Music Videos as Black Feminist Thought – From Nicki Minaj’s Anaconda to Beyoncé’s Formation

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Abstract

The article examines two recent music videos by Black female artists, Nicki Minaj’s Anaconda (2014) and Beyoncé’s Formation (2016), and the heated online discussions around them about whether they are feminist or not. The article argues that the epistemic habit of asking this question often works counterproductively and stabilises the boundaries of feminism. Instead, the two music videos are considered as creative works of Black feminist thought, following Patricia Hill Collins (2009). Collins suggests that in order to challenge traditional forms of white male knowledge production, other forms of expression than academic writing should also be considered theory. The key question then becomes: how do Anaconda and Formationparticipate in, re-imagine and work as Black feminist thought, understood as complex and dynamic? The article outlines three main critiques directed at the videos: selling out to white people and capitalism; promotion of white, heteronormative body ideals while appropriating queer of color culture; and involvement in so-called ‘reverse oppression’. Anaconda and Formation can be seen to answer each these critiques respectively, when seen connected to and employing strategies of Black feminist theories of pleasure, queer of color critique, and Black feminist politics of coalition among marginalised subjects.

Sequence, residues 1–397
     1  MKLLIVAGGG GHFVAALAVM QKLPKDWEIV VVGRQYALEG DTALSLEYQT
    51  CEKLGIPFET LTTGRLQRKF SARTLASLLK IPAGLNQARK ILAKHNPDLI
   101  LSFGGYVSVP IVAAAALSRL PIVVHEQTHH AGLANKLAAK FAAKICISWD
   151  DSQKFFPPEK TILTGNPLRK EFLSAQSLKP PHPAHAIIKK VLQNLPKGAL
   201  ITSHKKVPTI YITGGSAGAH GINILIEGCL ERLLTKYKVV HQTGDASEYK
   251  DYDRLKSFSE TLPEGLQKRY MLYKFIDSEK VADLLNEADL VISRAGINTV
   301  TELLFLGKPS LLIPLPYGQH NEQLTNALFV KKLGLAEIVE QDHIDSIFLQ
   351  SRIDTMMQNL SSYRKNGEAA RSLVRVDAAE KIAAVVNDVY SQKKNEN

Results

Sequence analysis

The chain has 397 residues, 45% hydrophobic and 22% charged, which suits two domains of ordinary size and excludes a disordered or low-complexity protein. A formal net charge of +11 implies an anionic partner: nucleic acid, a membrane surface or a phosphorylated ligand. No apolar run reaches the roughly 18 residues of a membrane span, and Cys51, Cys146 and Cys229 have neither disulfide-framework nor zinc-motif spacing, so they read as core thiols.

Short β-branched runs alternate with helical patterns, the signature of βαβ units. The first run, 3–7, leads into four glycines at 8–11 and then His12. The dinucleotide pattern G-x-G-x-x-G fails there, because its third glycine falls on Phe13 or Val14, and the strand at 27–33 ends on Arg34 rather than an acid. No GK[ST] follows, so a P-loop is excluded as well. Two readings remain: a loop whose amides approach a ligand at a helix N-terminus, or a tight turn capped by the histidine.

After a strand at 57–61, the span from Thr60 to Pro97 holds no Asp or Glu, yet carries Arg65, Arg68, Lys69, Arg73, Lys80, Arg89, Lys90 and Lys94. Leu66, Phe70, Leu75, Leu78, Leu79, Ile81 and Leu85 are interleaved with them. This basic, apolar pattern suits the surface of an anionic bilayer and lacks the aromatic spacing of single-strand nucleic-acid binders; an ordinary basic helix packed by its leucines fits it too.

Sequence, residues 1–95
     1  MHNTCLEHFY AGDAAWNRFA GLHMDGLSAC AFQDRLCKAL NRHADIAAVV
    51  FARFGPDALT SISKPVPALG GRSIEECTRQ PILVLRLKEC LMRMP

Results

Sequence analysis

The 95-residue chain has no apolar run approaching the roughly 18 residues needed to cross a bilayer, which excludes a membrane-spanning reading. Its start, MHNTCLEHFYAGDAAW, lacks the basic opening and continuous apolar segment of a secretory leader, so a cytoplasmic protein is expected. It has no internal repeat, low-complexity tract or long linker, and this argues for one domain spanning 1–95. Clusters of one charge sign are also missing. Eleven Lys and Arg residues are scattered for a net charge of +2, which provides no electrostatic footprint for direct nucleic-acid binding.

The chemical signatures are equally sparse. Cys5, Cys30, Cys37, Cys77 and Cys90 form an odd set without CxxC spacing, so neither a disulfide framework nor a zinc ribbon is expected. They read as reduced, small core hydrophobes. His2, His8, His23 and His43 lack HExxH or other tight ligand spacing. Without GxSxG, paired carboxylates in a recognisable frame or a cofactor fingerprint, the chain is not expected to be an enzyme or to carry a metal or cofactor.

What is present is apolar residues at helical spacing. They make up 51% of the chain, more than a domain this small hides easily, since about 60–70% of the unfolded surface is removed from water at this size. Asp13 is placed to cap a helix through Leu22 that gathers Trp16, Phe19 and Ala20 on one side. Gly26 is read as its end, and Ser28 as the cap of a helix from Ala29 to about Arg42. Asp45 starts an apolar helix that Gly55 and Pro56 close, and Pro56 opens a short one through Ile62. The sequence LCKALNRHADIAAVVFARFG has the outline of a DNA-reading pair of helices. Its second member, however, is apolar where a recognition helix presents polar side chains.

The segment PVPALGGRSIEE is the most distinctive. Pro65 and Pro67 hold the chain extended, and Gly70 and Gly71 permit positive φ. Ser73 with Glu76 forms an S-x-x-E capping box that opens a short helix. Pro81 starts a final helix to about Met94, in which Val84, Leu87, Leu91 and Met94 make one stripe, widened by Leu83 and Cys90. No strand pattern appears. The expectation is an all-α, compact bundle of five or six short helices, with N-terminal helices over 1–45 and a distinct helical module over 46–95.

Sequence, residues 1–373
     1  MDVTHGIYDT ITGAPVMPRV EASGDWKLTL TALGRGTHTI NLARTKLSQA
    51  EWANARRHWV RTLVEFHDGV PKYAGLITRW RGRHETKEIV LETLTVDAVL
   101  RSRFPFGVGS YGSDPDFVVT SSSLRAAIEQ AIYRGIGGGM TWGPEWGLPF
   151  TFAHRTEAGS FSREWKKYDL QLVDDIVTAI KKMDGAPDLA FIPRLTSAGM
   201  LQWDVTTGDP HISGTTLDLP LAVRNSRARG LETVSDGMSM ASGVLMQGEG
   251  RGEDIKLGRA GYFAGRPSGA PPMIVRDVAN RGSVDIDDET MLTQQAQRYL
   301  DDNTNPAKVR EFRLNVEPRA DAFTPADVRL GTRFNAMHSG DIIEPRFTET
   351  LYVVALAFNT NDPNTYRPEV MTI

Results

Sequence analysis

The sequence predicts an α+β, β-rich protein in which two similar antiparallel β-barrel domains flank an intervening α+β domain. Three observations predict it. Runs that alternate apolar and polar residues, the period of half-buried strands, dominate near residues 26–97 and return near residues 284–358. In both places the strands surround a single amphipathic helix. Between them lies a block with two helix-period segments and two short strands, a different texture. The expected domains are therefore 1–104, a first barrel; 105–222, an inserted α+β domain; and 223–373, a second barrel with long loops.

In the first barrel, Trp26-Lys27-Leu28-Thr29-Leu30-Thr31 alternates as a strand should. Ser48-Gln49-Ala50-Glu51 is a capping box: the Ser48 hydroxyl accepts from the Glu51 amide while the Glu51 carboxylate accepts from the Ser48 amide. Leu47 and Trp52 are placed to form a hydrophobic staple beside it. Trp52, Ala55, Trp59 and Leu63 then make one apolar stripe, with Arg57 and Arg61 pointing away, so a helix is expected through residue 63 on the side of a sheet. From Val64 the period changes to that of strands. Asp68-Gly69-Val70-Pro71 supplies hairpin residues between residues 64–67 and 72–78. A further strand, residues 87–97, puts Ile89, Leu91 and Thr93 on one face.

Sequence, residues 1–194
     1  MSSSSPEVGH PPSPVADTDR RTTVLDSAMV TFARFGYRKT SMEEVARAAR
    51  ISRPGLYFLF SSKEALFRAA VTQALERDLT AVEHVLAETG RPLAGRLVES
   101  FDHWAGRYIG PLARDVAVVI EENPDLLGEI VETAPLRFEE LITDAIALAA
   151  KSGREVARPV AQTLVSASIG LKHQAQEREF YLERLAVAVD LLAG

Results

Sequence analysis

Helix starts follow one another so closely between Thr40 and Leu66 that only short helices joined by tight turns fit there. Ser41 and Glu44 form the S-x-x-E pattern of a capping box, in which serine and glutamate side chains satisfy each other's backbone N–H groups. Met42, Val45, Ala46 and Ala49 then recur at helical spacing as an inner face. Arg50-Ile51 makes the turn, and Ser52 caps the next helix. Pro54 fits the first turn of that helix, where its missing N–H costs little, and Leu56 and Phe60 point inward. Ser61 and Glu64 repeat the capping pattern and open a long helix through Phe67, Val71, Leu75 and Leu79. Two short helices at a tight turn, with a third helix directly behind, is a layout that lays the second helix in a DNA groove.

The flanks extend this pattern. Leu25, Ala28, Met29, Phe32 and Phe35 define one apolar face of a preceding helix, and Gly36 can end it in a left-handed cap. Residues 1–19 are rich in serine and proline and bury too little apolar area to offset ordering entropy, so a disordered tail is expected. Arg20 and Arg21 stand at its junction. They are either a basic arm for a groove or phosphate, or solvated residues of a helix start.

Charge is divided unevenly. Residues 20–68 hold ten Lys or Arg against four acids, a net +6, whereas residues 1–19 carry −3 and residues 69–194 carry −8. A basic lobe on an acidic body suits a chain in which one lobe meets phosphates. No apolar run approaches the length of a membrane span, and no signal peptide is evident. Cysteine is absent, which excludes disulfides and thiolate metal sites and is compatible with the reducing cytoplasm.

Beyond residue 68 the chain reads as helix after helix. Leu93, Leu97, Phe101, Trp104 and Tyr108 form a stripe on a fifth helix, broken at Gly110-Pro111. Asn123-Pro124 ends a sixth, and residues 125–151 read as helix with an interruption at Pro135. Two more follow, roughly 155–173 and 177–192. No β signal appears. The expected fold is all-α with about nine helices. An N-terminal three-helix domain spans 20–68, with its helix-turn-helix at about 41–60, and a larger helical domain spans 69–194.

Original languageUndefined/Unknown
Pages (from-to)1–13
JournalFeminist Encounters: A Journal of Critical Studies in Culture and Politics
Volume1
Issue number1
DOIs
Publication statusPublished - 2017
MoE publication typeA1 Journal article-refereed

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